If waiting more than a minute for an elevator makes you mad, chances are train travel is not for you.
But if you’re wondering whether riding the rails might at times be the better way to go, read on.
Are you a control freak?
If you believe that the journey is as important as the destination, you might be a train traveler. However, “you are NOT a train traveler if you want 100 percent control over your schedule; you are then a driver,” suggests J. Bruce Richardson, president of the United Rail Passenger Alliance. “There are many flaws to train travel as there are to any other activity. At times, trains are delayed, or equipment malfunctions, [or] there are grade crossing accidents,” he adds.
That said, Richardson notes that “train travel seems to bring out the best of many people, coercing conversations with newly made friends.”
This serendipity is one of the best aspects of rail travel, agrees John Pitt, author of the guidebook USA By Rail.
“I've heard marvelous stories sitting by chance next to Tennessee Williams’ former chauffeur and once watched a football game on TV with Bill Cosby in New York's Penn Station waiting room,” Pitt recalls. “You can easily mingle with fellow passengers on board, watch a movie in the evening, have a drink at the bar, or just enjoy the passing landscape.”
Do you enjoy hub hopping?
If you doubt trains can be practical as well as fun, consider how popular rail travel is between the 'old countries.'
“Train travel within Europe gives the traveler the opportunity to mingle with the locals, sit back and relax, and view the scenery of each country, while bringing the traveler from city center to city center without the hassle of having to go to the airport or rent a car,” notes travel industry professional Rose Schwartz, formerly a business development director for Rail Europe Group. She points to the Eurostar trip between London and Paris as a quick and easy way to reach the cities and avoid its airports.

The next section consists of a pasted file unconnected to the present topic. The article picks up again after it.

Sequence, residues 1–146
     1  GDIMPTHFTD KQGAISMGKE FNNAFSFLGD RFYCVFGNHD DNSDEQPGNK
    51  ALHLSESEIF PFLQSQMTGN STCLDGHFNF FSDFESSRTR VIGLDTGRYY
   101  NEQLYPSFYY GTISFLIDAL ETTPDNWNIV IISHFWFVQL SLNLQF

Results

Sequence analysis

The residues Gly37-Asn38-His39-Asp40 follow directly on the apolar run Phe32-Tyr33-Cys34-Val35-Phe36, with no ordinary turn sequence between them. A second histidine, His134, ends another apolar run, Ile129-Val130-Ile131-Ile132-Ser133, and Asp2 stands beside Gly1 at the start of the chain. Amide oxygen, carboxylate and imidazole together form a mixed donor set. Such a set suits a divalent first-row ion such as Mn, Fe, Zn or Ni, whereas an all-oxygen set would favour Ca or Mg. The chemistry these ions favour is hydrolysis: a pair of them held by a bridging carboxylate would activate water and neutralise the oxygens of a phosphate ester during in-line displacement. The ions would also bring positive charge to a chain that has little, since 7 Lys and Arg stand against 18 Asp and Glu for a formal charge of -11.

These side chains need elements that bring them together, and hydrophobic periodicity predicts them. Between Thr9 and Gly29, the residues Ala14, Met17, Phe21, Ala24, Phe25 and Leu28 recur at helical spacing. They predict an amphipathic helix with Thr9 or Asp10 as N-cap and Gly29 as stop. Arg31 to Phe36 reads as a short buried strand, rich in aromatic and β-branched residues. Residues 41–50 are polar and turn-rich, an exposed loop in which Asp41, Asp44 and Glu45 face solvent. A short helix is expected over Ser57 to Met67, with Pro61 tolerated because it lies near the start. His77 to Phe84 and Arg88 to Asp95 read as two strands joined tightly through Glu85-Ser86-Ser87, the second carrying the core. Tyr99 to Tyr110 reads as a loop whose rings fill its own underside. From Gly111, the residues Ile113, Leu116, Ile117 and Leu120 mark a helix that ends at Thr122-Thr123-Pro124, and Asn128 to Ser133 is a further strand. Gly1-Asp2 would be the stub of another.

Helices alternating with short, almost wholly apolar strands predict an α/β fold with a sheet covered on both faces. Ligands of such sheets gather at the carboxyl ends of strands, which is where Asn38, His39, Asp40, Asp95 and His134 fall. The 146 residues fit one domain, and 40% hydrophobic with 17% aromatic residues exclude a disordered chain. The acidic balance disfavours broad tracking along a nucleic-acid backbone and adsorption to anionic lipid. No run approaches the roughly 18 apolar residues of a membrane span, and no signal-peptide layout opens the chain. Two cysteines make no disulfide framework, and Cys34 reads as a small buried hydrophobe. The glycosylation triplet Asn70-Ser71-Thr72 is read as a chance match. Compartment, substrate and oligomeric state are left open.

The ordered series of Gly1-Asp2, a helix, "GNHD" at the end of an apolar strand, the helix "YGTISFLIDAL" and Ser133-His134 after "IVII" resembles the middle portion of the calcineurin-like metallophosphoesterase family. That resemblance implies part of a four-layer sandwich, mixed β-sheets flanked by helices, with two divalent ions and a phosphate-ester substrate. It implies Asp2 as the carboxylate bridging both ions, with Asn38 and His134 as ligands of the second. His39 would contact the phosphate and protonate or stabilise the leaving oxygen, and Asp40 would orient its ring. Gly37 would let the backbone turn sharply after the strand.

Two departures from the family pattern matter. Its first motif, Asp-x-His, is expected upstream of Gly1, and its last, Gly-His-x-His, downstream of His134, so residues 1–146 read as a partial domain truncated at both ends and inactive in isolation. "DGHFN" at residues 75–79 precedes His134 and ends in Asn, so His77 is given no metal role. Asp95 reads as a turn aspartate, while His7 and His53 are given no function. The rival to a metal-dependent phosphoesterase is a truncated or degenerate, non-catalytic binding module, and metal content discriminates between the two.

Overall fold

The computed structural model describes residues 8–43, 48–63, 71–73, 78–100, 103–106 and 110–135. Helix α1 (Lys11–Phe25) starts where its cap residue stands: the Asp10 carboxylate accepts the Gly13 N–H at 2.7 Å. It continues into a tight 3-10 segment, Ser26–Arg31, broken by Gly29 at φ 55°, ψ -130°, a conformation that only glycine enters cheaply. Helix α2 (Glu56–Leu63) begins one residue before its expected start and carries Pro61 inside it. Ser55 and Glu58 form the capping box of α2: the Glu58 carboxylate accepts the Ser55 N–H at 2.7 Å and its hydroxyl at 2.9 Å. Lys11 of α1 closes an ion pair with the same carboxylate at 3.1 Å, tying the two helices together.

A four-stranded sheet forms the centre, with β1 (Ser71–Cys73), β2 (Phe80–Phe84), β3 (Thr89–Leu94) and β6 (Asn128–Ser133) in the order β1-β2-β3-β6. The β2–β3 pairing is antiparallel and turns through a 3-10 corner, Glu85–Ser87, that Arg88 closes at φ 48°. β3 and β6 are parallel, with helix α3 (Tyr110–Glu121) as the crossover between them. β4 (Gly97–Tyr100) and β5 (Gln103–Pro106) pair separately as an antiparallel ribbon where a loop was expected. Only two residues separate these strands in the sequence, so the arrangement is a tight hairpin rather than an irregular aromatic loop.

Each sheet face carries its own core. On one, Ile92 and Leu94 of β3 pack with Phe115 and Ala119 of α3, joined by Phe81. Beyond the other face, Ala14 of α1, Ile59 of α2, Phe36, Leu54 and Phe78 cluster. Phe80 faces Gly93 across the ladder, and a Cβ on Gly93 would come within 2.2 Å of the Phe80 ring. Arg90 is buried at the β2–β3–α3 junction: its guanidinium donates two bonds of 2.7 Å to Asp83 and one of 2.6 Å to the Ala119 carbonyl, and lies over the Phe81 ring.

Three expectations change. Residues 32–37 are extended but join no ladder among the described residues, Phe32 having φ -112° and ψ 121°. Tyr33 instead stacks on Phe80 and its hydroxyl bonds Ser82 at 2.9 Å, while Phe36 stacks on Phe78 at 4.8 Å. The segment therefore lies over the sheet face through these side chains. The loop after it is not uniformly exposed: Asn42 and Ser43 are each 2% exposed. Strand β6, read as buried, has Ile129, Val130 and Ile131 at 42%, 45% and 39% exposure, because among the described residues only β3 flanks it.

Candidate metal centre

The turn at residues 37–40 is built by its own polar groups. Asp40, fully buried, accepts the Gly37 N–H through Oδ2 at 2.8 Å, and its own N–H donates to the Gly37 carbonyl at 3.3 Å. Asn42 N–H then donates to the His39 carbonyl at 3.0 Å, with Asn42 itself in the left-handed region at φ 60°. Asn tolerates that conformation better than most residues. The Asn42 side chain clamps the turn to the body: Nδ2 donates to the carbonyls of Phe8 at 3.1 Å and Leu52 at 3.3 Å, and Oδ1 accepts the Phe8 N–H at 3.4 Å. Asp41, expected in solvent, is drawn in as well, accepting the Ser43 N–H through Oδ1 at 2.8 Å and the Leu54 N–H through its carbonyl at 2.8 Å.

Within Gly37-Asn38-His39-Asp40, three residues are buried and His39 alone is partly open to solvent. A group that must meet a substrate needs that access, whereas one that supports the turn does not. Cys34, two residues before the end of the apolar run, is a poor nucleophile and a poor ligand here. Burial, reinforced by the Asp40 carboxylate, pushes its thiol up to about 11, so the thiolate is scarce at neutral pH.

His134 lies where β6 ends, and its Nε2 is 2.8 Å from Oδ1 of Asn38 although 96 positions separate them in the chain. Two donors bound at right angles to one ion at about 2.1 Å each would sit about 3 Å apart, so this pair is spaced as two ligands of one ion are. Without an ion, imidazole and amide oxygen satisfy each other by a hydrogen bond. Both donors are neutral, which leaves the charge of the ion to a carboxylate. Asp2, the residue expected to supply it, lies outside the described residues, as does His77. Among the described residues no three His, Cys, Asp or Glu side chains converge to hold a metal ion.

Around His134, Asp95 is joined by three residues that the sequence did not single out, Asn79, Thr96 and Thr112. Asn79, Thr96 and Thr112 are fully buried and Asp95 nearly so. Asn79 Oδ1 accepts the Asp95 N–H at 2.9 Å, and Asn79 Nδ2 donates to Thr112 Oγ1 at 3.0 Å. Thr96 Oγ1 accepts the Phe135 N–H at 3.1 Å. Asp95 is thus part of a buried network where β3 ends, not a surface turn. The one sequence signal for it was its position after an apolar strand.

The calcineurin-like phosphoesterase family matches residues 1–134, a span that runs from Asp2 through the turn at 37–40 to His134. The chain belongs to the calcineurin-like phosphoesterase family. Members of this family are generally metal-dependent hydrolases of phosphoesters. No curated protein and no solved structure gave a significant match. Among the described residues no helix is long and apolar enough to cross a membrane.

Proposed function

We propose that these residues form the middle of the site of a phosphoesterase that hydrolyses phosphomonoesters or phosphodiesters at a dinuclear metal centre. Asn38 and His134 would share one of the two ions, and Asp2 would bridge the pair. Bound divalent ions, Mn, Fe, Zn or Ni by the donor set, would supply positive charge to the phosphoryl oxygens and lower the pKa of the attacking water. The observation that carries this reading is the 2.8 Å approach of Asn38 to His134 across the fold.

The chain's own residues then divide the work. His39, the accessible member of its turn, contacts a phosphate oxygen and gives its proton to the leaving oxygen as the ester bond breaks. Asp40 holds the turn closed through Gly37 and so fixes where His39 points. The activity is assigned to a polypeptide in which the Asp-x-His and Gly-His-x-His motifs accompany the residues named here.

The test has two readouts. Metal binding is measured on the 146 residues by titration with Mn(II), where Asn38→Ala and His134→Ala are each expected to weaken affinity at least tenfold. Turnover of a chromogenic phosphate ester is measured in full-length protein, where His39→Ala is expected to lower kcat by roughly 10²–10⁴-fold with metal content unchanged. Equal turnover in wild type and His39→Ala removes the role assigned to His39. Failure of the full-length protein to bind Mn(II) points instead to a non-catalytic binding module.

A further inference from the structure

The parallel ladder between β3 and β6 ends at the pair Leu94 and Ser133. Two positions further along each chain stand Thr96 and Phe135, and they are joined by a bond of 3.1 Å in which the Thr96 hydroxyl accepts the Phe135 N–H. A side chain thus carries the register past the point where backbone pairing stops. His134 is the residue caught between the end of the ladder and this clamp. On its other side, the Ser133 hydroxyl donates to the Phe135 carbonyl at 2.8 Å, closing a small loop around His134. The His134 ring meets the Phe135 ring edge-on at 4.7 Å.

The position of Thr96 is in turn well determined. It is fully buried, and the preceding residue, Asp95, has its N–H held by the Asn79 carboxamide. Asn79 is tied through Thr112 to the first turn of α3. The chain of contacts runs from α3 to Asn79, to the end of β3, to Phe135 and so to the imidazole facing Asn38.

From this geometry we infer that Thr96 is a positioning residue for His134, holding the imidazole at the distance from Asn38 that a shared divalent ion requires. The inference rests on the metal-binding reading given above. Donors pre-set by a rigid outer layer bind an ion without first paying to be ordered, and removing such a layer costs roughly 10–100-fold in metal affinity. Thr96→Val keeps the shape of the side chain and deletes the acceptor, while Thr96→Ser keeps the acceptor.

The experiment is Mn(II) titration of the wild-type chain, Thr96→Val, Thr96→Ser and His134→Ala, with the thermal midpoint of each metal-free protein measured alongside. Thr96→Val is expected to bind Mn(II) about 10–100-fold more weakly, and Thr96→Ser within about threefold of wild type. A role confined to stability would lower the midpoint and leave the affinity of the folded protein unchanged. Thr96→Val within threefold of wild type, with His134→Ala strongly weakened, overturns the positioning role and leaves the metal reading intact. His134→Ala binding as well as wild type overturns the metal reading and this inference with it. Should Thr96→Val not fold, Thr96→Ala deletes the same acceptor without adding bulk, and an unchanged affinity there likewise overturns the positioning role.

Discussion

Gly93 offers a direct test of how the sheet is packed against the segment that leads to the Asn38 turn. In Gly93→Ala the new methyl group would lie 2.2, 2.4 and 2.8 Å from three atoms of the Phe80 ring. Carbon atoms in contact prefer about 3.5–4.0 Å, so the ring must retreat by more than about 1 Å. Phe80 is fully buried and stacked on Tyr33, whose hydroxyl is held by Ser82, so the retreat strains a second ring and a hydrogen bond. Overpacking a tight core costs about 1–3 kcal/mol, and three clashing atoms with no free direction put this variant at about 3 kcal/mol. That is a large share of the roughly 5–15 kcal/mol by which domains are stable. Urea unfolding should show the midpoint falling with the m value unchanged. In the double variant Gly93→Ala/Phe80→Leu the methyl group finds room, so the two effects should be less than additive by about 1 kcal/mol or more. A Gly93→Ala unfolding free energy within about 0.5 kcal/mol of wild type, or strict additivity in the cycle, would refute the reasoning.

Hub hopping makes just as much sense in the United States, where many city centers are served by Amtrak.
“You arrive right at your destination in the heart of the city, not 20 or 30 miles away where you need additional transportation to reach your destination, says Amtrak spokesperson Cliff Cole.
The hub-to-hub strategy is also useful beyond urban areas, Cole suggests, “if you’re visiting a destination like a national park where you can take tours when you arrive and really don’t need a car.”
Is the price right?
Coach fare train travel is one of the least expensive ways to see the country, Richardson says, and “Europeans often marvel at the low cost of Amtrak fares for coach seats.”
How you factor in meals will affect your budget, of course, and while coach passengers pay for food a la carte, meals are included in Amtrak sleeping car fares. Snacks and liquor in the lounge car cost extra in both cases. As with most restaurants, “lunch is usually a better value than dinner for those on a tight budget,” according to Pitt, and “many people bring their own supplies of food and drink on board, though this isn't encouraged and may be impractical for longer journeys.”
Cole notes that cheaper fares are generally available when you book in advance, particularly mid-week and Saturday as well as midday and late evenings on trains running on Amtrak’s popular Northeast Corridor, bound by Washington, D.C. and Boston. For long distance travel throughout the Amtrak system, fares tend to be lower November through March, excluding holidays.